Initially tourism set its sights on the spa and seaside towns of Britain, while the exotic destination of Italy appealed to the early eco-cultural tourist in the form of the Grand Tour (Shields, 1991; Urry, 1990). By the turn of the 19th century, with the colonial project in full swing, the Grand Tour soon expanded to include more distant lands as explorers, gentleman travellers, missionaries and amateur anthropologists engaged in the colonial project (Shields, 1991; Ousby, 1990; Pearce, 1995; and Urry, 1990).


Anthropology and Tourism

Anthropology, with its yearning for knowledge of others, is a discipline that shares the sentiments of the Romantic Grand Tourist and an historical development concurrent with contemporary tourism. Structurally, both are environmental engagements that absorb exotic cultures and places: that people develop a culture in partnership with their environment is at the heart of both engagements; and that extended periods of time are spent among exotic cultures is also common. Furthermore, the desire or imperative to record the experience, in some material form, is also shared with the contemporary tourist and more specifically the eco-cultural tourist.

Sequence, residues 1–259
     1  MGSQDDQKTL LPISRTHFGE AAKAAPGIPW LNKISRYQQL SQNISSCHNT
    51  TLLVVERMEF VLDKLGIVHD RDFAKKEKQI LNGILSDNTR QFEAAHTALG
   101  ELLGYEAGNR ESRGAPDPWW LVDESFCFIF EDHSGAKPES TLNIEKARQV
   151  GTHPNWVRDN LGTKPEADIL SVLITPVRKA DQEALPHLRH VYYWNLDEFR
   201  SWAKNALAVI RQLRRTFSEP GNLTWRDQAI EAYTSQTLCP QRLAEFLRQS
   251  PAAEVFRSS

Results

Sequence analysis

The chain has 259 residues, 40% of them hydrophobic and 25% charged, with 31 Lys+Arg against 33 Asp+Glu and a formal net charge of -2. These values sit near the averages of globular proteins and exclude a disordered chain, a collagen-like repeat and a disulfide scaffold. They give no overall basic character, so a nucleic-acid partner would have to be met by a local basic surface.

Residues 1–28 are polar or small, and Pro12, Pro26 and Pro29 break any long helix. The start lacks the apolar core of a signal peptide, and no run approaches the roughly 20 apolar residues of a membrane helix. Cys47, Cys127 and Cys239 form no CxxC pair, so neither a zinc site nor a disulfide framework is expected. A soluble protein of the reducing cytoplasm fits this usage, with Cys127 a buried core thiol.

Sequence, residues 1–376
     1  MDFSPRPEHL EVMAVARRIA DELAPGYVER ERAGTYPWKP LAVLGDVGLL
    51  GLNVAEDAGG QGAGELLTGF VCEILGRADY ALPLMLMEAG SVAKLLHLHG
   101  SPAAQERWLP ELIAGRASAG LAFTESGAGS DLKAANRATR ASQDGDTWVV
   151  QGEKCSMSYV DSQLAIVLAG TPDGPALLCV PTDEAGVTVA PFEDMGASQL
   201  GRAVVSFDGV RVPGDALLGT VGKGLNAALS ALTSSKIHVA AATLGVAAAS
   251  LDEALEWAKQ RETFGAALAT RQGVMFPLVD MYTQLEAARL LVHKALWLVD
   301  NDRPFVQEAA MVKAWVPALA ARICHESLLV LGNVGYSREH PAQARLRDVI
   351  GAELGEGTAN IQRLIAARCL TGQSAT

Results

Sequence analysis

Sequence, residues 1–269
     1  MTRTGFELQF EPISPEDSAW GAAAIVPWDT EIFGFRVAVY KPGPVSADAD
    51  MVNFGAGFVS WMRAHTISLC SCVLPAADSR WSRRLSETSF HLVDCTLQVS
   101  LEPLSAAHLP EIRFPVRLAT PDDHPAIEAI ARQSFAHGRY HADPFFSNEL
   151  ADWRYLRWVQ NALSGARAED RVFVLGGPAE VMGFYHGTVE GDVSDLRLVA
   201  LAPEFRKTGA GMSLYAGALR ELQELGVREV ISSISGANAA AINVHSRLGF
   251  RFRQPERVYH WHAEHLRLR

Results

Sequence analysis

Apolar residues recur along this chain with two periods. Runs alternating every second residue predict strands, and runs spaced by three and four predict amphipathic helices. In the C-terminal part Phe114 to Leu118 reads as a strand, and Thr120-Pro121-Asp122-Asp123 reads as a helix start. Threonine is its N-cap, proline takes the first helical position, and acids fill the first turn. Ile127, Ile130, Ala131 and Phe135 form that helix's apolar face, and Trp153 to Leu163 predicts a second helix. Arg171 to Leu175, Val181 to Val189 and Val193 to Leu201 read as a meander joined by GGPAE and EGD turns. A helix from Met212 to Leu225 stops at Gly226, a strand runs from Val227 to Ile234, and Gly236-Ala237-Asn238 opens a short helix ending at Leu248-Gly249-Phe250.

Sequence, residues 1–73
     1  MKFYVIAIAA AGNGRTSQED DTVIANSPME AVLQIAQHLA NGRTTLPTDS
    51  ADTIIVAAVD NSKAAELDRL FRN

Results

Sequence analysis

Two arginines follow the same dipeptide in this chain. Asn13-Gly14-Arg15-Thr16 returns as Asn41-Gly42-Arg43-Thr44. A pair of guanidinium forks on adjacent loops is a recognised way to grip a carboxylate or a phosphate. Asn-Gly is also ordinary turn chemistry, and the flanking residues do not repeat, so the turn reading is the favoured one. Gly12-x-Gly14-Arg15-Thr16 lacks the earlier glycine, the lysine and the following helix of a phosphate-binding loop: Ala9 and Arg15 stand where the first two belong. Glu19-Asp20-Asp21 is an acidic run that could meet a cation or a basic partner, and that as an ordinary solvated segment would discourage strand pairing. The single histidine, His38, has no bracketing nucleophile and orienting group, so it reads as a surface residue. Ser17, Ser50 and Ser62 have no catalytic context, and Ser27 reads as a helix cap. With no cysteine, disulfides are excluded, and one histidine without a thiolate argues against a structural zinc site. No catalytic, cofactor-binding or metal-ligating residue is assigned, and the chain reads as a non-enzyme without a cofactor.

In order to illustrate the development the changes brought about to material artefacts of others cultures under the pressure of the tourist gaze and in turn demonstrate the effects of said gaze, I want to make close study of colonial Australia.


As with other geographical regions within the British Empire and trading partners of that period, in colonial Australian history, the trading of material culture is dominated by the colonial explorer, the missionary and later the anthropologist. In Australia we are indebted to many famous anthropologists, missionaries and other early collectors of Aboriginal artefacts for the richness that lines the storerooms of State and National museums and art galleries. Not withstanding the difficult ghosts of British colonialism, the artefacts collected during and just after that period have, through time, assisted in a better understanding and appreciation of Australia's indigenous cultures.